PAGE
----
2023 | Volume 24 | Issue 3

Kerin Fielding

Associate Professor Kerin Fielding


Trailblazing Wagga Wagga orthopaedic surgeon and academic Associate Professor Kerin Fielding has been appointed RACS president.

Associate Professor Fielding was the first woman in New South Wales to become an orthopaedic surgeon and is only the third woman to undertake the role of president of RACS.

Born in Wollongong in New South Wales, Associate Professor Fielding spent most of her childhood growing up in Canada, where her parents taught in a small rural community in the Rocky Mountains, and then in southern Ontario.

Associate Professor Fielding’s interest in surgery extends back to her early childhood.

“My grandparents had a sheep and wheat farm in Goolagong, New South Wales, and I have many happy memories ‘dissecting’ the sheep with my grandfather for the family larder,” she said.

Having returned to Australia for her Higher School Certificate, Associate Professor Fielding gained entry to Sydney University and spent four years at Wesley College.

As an intern at St Vincent’s Hospital in Sydney, she undertook many surgical terms, including Neurosurgery, Plastic and Reconstructive Surgery, General Surgery, and Cardiothoracic Surgery during the time of Victor Chang—an Asian-born Australian cardiac surgeon and a pioneer of modern heart transplantation in Australia.

During a secondment to Wagga Wagga Base Hospital, she met her future husband Dr Joe McGirr, who was also an intern and resident on secondment from St Vincent’s Hospital.

Her plans to enter surgery faltered when she was unable to secure an interview for the Plastic and Reconstructive Surgery training program.

“I was feeling very unsure of my future when a very good friend, Dr John Ireland suggested that there were more training places on the orthopaedic training program.

“I remember saying to him that there had never been a female Trainee in New South Wales, so I didn’t think I had much of a chance.”

However, after some encouragement, Associate Professor Fielding applied and gained a position.

As the first female Trainee in the state, she met with varied responses from her colleagues—some were supportive while others were less welcoming.

“Luckily, my fellow Trainees and the Younger Fellows, a few years ahead of me, were supportive and many became lifelong friends.

“The orthopaedic training program was hard work with long hours, but extremely interesting from a medical and technical point of view and I really enjoyed the surgery, particularly trauma, paediatrics, hand surgery and joint replacement.”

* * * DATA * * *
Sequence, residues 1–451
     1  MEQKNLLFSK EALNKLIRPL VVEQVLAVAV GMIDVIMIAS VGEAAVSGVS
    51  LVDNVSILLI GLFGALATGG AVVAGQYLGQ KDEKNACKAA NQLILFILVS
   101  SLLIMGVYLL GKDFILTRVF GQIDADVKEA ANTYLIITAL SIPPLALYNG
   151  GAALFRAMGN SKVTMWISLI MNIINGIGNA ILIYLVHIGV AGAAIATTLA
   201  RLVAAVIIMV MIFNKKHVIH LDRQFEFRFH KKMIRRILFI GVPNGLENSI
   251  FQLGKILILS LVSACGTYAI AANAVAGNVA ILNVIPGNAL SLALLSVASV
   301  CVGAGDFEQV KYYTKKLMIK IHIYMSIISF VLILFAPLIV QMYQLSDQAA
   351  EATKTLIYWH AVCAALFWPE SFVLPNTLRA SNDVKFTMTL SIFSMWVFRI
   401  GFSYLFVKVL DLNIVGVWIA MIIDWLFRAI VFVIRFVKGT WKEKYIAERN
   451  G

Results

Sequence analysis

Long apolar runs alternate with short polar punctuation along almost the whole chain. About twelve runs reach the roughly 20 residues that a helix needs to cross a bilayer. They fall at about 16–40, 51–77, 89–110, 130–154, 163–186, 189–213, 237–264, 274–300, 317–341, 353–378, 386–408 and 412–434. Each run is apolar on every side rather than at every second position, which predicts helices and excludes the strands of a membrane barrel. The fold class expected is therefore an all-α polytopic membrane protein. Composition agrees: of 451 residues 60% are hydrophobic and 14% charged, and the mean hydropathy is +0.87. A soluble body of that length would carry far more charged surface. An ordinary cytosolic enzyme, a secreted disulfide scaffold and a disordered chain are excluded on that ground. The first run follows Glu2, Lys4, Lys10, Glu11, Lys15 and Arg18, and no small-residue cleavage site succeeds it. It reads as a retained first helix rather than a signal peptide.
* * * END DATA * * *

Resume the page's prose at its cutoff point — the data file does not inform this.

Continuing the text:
She enjoyed—and continues to value—the ability to significantly improve patients’ quality of life by improving their mobility, their independence and their movement.

After her husband gained a position as the director of the emergency department at Wagga Wagga Base Hospital, Associate Professor Fielding completed the final year of the Surgical Education Training program and began practice in the orthopaedic group practice in Wagga Wagga.

The first years in rural private practice, with a young family, were demanding, but there were advantages of living and working rurally, including short commutes and proximity to her children’s school.

Associate Professor Fielding has also experienced the professional advantages of working rurally and embraced the opportunity to contribute to her community.

“As a rural surgeon I have been privileged to teach across the whole spectrum of medical education, teaching prevocational doctors, unaccredited registrars, and advanced Trainees.”

She has also been involved in rurally focused research that has helped to improve the lives of rural communities, with a particular interest in the treatment of osteoporosis and the access to treatment of rural patients.

For nearly 20 years, Associate Professor Fielding has held positions as chair of the Clinical Surgical Training Council at the Health Education and Training Institute of New South Wales. 

She has also been involved with the Early Management of Severe Trauma course at RACS for more than two decades, and is a long-time RACS councillor, chairing the Scholarship and Grants committee, the SIMG committee and the professional standards committee.

In her position as RACS president, Associate Professor Fielding is committed to ensuring the standards of care that patients receive are the best in the world.

“We must have a College that is financially sustainable, that is committed to maintaining equitable access to high-quality care, and that has a modern governance structure so that we can continue to deliver the innovation in surgical education that marks us as a genuine world leader,” she says.

“We must be prepared to make hard decisions. I believe we must be ready to adapt, change and grow and this includes achieving financial sustainability, modernising our governance structures and implementing our health equity strategy.

“Like any surgeon facing an unexpected situation in the middle of an operation, we must be ready to stop and reassess our situation and chart a new direction. And we must do this as a team with the goodwill and support of our specialty societies,” she said.